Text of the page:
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Countdown to the BAFTAs Podcast Transcript: Episode 3, Documentaries

Countdown to the BAFTAs Episode 3: Documentaries

Alex: Hello and welcome again to this celebration of television excellence. I'm Alex Zane, and this is Countdown to the BAFTA’S, where in this series, stars, Industry insiders and Expert voices join forces to discuss the nominees in the running for the 2024 BAFTA TV awards with P&O Cruisers and the BAFTA Television Craft Awards. 

Today we are taking a look at the factual categories as we delve into the best documentaries of the last year.  


Ramita: Actually reminded me of when Jane Goodall was asked, what her favourite animal was and she said “well, everybody always assumed that I will say chimps, but I never say chimps because chimps are so like humans, that they’re all assholes” and not only is it, part succession, part Brazilian soap opera, it is shot so beautifully.  


Alex: So, what does it take to be nominated for a BAFTA? Stay tuned to find out.  

Now, the BAFTA TV Awards are voted for by industry professionals and that voting has now closed, so anything we say and do on this podcast has no influence on the results. 

And crucially, we do not know who has won, but that doesn't stop us championing what has been another stellar year, particularly for factual TV. And who better to run through the nominees with me today than foreign affairs journalist, documentary filmmaker, and author, Ramita Navar and next to a Ramita, it's the Managing director of TV Company, Gold Waller, Faraz Osman. Welcome to both of you. How are you? 

Ramita: Good, thank you. 

Faraz: Hey, Alex. Good to be here. 

Alex: Good to have you here. So let me begin with you Ramit. Just to give us a sense of your incredible and distinguished career, can you tell us a bit about what you went through and what was involved in making your award-winning ITV documentary Afghanistan, no Country for Women? And I guess the experience of actually going undercover on the ground in Afghanistan. 

Ramita: Do you know what, this is one of the moments where I can big up commissioning editor for commissioning this so quickly. Tom Giles, before the Taliban actually took over Afghanistan. So, I pitched this months and months before anyone thought the Taliban was going to take over and thought, that Kabul was going to fall.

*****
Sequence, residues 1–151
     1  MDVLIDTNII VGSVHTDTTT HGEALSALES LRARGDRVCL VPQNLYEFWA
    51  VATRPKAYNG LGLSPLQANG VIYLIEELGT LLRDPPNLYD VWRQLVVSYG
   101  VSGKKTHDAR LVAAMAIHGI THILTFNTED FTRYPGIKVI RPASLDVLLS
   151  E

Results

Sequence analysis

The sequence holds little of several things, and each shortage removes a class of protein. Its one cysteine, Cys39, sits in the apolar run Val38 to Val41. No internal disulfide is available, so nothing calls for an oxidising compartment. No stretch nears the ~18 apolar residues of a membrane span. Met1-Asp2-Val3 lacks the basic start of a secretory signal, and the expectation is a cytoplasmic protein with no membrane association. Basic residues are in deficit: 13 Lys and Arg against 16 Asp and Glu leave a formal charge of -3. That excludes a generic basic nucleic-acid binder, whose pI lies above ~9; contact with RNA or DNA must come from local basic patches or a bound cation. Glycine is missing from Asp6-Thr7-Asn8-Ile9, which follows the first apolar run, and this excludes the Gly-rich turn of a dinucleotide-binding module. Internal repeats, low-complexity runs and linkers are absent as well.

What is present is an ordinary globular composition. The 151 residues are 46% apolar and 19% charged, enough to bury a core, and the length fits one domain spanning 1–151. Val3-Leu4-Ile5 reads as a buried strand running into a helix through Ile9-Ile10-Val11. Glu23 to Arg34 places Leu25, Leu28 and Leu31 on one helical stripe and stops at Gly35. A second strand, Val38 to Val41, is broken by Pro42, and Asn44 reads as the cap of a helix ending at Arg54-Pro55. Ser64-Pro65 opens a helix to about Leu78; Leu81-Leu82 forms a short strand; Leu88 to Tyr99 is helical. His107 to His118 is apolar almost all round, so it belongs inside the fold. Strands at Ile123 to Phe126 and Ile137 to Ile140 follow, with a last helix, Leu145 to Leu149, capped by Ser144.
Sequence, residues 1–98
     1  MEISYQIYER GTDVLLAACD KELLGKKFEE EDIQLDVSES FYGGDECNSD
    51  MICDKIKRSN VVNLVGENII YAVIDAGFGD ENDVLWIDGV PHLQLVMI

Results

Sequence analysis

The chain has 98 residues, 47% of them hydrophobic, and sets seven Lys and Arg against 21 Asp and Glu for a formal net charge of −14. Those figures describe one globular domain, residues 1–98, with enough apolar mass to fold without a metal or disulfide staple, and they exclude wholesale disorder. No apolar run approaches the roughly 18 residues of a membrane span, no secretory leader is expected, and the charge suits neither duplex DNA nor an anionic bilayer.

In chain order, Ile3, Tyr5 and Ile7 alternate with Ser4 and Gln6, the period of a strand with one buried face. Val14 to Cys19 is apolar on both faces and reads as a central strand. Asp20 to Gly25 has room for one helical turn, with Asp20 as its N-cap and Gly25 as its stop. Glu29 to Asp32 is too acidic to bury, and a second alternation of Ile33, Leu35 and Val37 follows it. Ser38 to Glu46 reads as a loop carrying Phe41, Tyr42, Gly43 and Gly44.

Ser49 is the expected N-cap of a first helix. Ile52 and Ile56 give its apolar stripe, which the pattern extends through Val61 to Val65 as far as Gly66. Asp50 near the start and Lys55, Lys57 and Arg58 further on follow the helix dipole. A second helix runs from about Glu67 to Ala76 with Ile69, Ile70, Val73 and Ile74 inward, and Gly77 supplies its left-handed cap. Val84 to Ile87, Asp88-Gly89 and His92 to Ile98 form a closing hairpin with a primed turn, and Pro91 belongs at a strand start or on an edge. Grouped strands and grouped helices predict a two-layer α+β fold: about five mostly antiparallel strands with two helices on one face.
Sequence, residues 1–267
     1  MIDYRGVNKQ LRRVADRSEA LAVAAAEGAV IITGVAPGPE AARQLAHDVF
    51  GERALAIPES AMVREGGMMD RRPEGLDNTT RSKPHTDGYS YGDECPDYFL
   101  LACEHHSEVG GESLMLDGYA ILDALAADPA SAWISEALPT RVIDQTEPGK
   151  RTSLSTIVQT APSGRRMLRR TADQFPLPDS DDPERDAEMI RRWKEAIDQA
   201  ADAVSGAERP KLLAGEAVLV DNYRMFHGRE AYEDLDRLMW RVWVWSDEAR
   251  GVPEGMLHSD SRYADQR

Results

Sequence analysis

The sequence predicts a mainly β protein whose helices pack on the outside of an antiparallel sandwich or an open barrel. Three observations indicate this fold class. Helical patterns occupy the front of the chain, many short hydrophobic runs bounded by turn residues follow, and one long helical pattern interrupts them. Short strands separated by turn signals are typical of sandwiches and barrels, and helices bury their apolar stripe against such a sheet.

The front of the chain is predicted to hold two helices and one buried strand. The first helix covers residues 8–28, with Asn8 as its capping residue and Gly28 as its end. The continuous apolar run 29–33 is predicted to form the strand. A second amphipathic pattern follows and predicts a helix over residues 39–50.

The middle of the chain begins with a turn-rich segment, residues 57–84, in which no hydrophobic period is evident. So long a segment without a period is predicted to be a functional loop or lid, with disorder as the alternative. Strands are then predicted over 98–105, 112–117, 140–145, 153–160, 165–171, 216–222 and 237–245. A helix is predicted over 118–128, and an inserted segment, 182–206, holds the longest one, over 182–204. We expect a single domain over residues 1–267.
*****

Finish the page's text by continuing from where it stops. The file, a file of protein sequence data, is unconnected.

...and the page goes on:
I was really prepared for people to say, oh, we know this. Women in Afghanistan, we've heard it a million times before and of course we know that story, but I'd been tracking what was happening to women as the Taliban was slowly taking over the country. And as these provinces were starting to fall and I thought, this is a great litmus test of what the country will be like once the Taliban takes over and of course then it suddenly became reality.  

Taliban did take over and then, we took a moment, do we still do this? Yes, of course, we still do this, and we waited for the Taliban to fully take over because at first, they were making all the right noises, they were saying all the right things. 

So, it took a few months before we decided to go in. and we spent, about 30 days in the first trip, and about two weeks on the second trip. And yeah, I ended up doing a little bit of undercover filming in a Taliban prison, which is the evidence that we needed to show that at that point the Taliban were basically abducting women from the streets and imprisoning them and there was no record.  

These women were just going missing. There was no record of them in the prison system and it would take their families quite a few weeks until they found out where they were.  

Alex: What is going through your head as you're in that prison? Are you still focused on, “I want to get the best footage, I want to get what I need from this moment” Or are you thinking, “This is bloody dangerous”? 

Ramita: I'm thinking, oh my God, I hope I just turned on the secret filming equipment  


Because I can't remember if it's one flashing lead red light or two flashing red lights. 

I was so nervous. I really didn't know if I was actually filming so that was what I was most scared about. Also, I had to turn on the secret film equipment surrounded by over a dozen armed Talibs. and that was, that, that moment was, yeah, was, pretty scary. My hand was shaking a little. Yeah.